Rev vs. AJAX... Ajax vs TAOO [|Not so Short]
ambassador at fourthworld.com
Sun Oct 16 14:54:57 CDT 2005
>>On Sat, 15 Oct 2005 SimPLsol at aol.com wrote:
>>>Or as good marketing people also say:
>>>"Sell the sizzle not the steak."
>>>What it "is" counts for little, what it "does" is everything. Or as
>>>good marketing people put it:
>>>"Never list a feature without describing its benefits."
>>>What is different about TAOO? And why should I care?
>> Or, "sell it for what people think it will do for them" ala
>> "use this shampoo and you can have your own 'When Harry Met
>> Sally' moment".
> isn't that vaporware ? ;)
It's only vaporware if it doesn't exist.
The second thing they teach in the sales and marketing course at
Pepperdine University is: "turn features into benefits".
In retail clothing, for example, it's not enough to say that a shirt is
made of cotton. What does that do for the customer? "It breathes well".
As an American bombarded daily by corporatist slogans, I understand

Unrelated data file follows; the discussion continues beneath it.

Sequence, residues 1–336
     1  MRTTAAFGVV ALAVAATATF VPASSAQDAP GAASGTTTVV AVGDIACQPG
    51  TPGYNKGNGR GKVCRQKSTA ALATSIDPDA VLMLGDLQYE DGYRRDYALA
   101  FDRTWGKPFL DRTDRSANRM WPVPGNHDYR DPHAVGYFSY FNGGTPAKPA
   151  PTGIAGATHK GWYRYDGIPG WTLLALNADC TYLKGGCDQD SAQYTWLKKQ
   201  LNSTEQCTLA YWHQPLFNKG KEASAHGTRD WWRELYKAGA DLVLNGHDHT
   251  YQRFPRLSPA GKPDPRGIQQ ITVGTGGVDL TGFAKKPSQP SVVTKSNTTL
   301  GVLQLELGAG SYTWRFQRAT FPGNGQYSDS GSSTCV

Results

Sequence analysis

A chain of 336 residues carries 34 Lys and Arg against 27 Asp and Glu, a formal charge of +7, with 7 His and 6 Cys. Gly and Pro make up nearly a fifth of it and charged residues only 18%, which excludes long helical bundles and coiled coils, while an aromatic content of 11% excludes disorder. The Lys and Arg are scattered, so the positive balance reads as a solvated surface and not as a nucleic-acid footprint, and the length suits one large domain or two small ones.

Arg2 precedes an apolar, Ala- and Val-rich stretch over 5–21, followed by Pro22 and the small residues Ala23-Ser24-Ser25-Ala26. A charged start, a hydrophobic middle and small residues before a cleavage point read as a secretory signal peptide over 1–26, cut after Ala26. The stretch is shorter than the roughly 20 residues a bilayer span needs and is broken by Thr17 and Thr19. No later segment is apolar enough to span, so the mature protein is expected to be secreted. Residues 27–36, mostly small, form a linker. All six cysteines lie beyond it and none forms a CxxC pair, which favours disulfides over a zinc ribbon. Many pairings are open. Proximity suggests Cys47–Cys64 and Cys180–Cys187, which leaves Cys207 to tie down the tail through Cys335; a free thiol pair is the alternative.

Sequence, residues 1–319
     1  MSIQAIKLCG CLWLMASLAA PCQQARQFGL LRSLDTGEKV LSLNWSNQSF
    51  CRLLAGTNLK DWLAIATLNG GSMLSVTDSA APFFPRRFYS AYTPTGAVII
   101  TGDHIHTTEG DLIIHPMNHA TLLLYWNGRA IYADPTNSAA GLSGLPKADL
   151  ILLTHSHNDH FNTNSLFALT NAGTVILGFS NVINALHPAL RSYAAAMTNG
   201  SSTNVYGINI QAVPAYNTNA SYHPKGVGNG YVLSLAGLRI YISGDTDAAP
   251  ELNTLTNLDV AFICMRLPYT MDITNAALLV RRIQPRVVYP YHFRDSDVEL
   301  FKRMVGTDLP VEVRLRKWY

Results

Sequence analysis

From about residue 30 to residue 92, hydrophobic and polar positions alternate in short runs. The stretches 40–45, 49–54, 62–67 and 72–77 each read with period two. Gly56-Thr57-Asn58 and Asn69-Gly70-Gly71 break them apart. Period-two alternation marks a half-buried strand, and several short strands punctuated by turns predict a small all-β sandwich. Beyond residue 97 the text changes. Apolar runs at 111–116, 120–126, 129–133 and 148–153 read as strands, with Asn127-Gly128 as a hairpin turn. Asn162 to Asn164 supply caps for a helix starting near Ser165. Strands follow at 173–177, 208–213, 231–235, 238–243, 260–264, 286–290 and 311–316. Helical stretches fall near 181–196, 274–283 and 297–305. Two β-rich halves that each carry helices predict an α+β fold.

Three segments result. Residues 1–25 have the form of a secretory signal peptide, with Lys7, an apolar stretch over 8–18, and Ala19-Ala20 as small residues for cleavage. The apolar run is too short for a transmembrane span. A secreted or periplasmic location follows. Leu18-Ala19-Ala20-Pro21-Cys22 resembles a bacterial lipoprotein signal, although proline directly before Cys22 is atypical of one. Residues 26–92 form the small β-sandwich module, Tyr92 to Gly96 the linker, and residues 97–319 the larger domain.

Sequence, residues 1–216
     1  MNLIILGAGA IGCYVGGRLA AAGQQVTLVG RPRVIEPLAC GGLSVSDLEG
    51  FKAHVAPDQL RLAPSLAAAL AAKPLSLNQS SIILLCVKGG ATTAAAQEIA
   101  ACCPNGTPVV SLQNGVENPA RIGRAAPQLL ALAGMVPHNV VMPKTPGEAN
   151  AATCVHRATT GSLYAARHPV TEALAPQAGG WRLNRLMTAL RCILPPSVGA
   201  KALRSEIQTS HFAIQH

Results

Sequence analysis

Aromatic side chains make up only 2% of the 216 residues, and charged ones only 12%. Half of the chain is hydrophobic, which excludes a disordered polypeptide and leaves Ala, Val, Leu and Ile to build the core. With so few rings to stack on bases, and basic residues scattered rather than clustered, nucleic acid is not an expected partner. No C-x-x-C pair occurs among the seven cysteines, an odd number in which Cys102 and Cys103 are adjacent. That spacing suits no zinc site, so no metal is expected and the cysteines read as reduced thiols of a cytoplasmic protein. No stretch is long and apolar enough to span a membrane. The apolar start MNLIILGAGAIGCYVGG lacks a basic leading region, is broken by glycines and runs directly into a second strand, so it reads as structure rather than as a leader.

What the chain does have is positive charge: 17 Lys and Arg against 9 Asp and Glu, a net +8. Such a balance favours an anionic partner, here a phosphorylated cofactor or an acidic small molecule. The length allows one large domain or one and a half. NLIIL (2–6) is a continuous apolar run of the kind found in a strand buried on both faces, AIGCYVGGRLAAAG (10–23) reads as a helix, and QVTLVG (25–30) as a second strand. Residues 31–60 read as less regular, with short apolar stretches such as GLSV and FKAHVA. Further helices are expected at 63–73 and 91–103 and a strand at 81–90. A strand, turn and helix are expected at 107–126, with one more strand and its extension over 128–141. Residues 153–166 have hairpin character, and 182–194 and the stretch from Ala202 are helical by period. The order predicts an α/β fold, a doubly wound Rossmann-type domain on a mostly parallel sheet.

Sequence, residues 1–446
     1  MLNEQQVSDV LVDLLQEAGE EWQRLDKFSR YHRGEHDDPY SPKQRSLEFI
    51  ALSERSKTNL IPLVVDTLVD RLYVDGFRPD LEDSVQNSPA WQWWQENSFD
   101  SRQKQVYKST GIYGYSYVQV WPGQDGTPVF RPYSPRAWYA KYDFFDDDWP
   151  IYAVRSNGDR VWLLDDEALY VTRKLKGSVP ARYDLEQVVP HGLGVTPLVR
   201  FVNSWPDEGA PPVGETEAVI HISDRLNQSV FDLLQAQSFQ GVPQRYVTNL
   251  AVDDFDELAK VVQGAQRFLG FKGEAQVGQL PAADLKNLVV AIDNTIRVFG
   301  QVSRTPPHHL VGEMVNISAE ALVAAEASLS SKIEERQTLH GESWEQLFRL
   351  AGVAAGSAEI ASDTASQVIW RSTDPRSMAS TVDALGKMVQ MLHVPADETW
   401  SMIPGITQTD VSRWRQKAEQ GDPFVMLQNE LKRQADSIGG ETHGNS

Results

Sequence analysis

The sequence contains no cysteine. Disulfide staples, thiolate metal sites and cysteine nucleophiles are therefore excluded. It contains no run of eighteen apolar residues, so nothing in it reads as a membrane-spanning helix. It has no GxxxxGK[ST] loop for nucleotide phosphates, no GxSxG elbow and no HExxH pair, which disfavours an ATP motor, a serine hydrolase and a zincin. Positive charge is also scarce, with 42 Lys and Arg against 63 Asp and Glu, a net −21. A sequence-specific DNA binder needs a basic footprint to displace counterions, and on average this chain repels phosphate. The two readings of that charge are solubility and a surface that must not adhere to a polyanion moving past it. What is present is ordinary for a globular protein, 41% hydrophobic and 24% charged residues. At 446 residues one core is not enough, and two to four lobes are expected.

Judy's jaded reaction to crafting a sales message. But an effective
message needn't be the sort of hyperbole she referenced. Describing
goods in terms of specific customer benefits can be not only honest, but
ultimately of great value for the customer in helping them understand
what's available so they can make a selection.
As a marketer I tend to prefer underselling, telling people in the
simplest terms without exclamation points what a product will do for
them (I leave the exclamation points for customer testimonials).
As a customer, I prefer descriptions that include specific measurable
results. For example, if a library cut time-to-market for a series of
commercial apps by an average of 20%, I'm interested.
Effective evangelism isn't vaporware. When done honestly it's just
another extension of usability, helping people cut through the noise to
get down to the results that matter to them.
Managing Editor, revJournal
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